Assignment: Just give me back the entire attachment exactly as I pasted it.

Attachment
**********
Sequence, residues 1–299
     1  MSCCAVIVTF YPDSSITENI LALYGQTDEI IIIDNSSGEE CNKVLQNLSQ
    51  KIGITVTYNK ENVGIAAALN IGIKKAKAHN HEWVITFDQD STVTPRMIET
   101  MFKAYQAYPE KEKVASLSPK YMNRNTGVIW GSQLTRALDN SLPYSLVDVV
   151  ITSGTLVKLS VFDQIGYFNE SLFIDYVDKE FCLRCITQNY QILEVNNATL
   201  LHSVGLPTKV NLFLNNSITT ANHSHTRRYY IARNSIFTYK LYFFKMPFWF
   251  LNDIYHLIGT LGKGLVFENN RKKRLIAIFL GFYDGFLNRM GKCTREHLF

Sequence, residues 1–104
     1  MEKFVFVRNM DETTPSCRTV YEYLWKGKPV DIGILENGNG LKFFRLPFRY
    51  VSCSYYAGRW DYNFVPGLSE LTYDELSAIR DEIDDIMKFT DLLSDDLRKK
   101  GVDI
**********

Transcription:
Sequence, residues 1–299
     1  MSCCAVIVTF YPDSSITENI LALYGQTDEI IIIDNSSGEE CNKVLQNLSQ
    51  KIGITVTYNK ENVGIAAALN IGIKKAKAHN HEWVITFDQD STVTPRMIET
   101  MFKAYQAYPE KEKVASLSPK YMNRNTGVIW GSQLTRALDN SLPYSLVDVV
   151  ITSGTLVKLS VFDQIGYFNE SLFIDYVDKE FCLRCITQNY QILEVNNATL
   201  LHSVGLPTKV NLFLNNSITT ANHSHTRRYY IARNSIFTYK LYFFKMPFWF
   251  LNDIYHLIGT LGKGLVFENN RKKRLIAIFL GFYDGFLNRM GKCTREHLF

Sequence, residues 1–104
     1  MEKFVFVRNM DETTPSCRTV YEYLWKGKPV DIGILENGNG LKFFRLPFRY
    51  VSCSYYAGRW DYNFVPGLSE LTYDELSAIR DEIDDIMKFT DLLSDDLRKK
   101  GVDI